Adjustment time for new game

Soccer players, coaches and officials familarize themselves with the game of futsal

Casey Lessard | Nunavut
November 17, 2014
Iqaluit Huskies player Jaymi Kakee, left, battles for the ball against Cape Dorset Predators player Ian Qaumagiuq in an indoor soccer tournament held in the territory last year. - NNSL file photo

Iqaluit Huskies player Jaymi Kakee, left, battles for the ball against Cape Dorset Predators player Ian Qaumagiuq in an indoor soccer tournament held in the territory last year. – NNSL file photo

Athletes and coaches across the territory are preparing themselves in the game of futsal, which is set to replace indoor soccer at the 2016 Arctic Winter Games.

Futsal is considered by many to be a cousin to soccer. It is sanctioned by the Federation International Football Association (FIFA), and it is played across the globe. It is essentially an indoor version of the familiar outdoor game, with some minor differences.

To name a few, the side boards are removed and line boundaries are put in place. Futsal uses kick-ins as opposed to throw-ins when the ball goes out of play. Rather than soccer’s two 45-minute halfs, futsal game-length is two 20-minute halfs.

In futsal there are no off-sides, and the regulation ball is heavier with less bounce. Field player numbers remain nearly the same, with futsal using five players a side instead of the six per side as with soccer.

Technical director of the AWG, Ian Legaree, explained that rule change will allow play and rule consistency to take place between the communities across the three territories.

“In previous AWG, we essentially wrote up a set of rules that were a combination of rules across the North because every jurisdiction had variations on what rules they played by. This will help the players and coaches be on the same page to rule play at the games,” he said. “I think people recognize that it is a positive move to have one set of rules that everyone can work towards.”

The decision to move to futsal was made by the AWG International Committee four years ago. The committee, however, wanted to give the jurisdictions time to conform to the new rules of futsal.

“We decided to give them two sets of games to adjust because there was some coach and official training that needed to happen. The jurisdictions were generally supportive and they requested some time to get ready for the rule changes,” Legaree explained.

Joselyn Morrison, president of the Nunavut Soccer Association, explained that the organization held fustal-specific tournaments this past fall so that the players, coaches and officials could adjust to the unfamiliar rules

“It has been a big learning curve, but everyone seems to be doing OK,” she said.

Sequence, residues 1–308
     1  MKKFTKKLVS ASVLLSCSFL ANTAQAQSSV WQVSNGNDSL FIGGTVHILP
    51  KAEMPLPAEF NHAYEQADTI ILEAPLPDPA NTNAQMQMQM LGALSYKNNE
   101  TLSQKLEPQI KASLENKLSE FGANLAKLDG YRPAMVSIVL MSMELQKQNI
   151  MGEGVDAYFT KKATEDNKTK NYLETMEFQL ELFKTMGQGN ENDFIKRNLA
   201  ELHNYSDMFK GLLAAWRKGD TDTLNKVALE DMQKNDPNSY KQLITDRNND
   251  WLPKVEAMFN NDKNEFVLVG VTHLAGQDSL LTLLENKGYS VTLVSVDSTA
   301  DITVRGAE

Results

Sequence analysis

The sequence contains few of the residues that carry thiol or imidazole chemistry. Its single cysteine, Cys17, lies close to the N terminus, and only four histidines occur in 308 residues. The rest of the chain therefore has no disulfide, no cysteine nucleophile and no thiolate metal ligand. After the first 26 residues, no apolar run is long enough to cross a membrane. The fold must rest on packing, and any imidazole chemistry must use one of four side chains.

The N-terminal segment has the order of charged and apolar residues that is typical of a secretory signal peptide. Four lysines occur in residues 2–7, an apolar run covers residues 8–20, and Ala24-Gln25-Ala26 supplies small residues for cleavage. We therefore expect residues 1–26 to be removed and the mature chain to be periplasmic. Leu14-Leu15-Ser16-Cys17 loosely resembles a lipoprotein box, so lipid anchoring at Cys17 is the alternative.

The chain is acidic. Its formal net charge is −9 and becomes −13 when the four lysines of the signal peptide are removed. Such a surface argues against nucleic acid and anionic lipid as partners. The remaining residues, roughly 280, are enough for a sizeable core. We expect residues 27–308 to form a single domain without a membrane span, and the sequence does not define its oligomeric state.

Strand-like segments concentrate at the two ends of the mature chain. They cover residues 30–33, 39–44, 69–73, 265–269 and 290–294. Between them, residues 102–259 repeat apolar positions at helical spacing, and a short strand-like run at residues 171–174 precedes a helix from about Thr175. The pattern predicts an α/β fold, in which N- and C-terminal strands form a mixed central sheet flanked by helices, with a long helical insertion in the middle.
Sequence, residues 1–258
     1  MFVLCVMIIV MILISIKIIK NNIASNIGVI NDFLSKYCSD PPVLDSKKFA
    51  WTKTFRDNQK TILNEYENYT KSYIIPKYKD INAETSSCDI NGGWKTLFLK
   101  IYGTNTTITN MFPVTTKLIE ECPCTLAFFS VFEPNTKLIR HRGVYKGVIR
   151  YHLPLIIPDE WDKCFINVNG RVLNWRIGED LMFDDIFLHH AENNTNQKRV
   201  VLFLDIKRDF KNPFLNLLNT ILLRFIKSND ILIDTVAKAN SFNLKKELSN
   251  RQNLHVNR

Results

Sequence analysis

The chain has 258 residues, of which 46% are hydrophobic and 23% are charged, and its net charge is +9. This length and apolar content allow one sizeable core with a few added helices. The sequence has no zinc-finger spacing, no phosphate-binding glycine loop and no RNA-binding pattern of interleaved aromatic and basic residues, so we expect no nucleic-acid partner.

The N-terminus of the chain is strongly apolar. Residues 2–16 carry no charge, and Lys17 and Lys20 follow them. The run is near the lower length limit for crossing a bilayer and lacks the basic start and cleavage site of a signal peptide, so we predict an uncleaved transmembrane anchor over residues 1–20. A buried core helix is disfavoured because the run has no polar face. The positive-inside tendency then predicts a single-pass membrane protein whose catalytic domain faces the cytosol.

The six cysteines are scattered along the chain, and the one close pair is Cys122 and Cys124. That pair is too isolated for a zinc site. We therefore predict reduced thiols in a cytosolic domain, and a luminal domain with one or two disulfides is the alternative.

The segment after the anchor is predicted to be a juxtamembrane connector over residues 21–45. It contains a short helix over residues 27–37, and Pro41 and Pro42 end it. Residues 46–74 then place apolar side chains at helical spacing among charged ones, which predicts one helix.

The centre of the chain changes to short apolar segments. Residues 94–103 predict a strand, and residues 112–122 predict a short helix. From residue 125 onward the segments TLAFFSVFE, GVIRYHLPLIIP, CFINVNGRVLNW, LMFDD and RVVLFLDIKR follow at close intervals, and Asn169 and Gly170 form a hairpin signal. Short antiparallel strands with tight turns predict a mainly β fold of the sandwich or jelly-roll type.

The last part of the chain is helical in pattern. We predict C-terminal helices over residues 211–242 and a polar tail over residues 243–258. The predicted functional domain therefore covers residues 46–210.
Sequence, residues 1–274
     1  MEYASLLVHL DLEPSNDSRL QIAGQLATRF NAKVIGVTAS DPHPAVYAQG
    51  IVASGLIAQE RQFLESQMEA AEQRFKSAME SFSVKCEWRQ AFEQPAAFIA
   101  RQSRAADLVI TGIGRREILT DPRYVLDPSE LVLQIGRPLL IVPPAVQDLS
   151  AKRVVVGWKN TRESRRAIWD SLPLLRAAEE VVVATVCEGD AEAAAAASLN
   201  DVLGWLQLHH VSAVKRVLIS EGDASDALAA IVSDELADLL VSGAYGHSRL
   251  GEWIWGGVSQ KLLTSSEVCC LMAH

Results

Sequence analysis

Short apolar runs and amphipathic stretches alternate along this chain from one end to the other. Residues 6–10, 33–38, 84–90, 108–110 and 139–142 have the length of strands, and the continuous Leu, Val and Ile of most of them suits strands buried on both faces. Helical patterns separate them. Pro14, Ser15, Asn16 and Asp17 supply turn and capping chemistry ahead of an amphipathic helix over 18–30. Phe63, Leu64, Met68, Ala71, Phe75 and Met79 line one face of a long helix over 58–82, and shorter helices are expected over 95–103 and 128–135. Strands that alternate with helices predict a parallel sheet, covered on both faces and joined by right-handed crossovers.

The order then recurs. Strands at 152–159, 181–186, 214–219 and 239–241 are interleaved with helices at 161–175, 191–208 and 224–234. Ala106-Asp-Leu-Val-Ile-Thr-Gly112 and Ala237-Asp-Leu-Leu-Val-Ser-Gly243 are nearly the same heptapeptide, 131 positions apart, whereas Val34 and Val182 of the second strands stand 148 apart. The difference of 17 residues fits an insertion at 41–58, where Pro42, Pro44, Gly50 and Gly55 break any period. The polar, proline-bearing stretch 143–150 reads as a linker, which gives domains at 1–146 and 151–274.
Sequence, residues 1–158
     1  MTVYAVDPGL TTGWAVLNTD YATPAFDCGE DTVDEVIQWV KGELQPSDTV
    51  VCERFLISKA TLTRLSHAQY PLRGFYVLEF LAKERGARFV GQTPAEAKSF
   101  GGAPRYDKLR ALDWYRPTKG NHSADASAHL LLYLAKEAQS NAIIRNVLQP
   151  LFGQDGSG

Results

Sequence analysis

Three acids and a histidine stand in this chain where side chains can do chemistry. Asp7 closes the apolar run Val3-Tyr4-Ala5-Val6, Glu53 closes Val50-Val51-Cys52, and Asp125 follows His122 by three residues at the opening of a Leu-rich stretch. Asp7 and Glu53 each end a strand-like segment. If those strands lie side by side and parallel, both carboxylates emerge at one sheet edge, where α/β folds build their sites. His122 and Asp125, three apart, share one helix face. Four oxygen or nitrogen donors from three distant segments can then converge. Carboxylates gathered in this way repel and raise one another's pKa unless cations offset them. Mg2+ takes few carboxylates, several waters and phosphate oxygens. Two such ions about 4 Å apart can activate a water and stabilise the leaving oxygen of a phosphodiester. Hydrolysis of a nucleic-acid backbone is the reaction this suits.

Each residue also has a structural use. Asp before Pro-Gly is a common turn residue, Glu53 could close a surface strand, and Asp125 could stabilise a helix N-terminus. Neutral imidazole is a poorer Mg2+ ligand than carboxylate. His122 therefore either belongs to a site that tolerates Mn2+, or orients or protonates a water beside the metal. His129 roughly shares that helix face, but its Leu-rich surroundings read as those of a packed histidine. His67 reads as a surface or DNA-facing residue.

Morrison said that the exclusion of the boards has had the largest effect on the game. It creates a faster-paced game with a stronger focus on ball control and passing, since the players can no longer bounce the ball off the wall.

“That is the big difference in the game. So we have been working with our young soccer players in Nunavut on improving that part of the game for them,” she said.

Although Morrison feels that the overall the change to futsal is positive, it does come with its set of challenges for the territory. With no full time access to turf in Iqaluit, for example, Morrison explained that futsal rules have been difficult to implement in a gymnasium setting.

“Gyms are as small as it is and then you have to make a boundary line it cuts the size in half. It cuts down the space when we are already limited. So it is kind of a setback because it is one more thing added on to our list of things to learn,” she said.

Legaree said that the adjustments might be easier for the athletes in Yellowknife, since they have been playing on a large turf field from that start.

Not only is this issue relevant in Iqaluit, but communities across Nunavut do not have access to large turf fields, as their practices usually take place in school gymnasiums as well.

For Morrison, adjusting to the larger surfaces at national competitions and the AWG has always been an issue for the territory.

“That has always been our challenge. Since we have been a territory and have started attending the games, we practice in the gyms then we get put on a turf. It is very different. Our soccer has never been on the same calibre as say Greenland or Alaska, so I think the same struggles will be present,” she said.

The Nunavut Soccer Association hasn’t held any official local futsal coaching or referee clinics, but they have worked with local people that are interested in learning the new rules during the fall tournament play.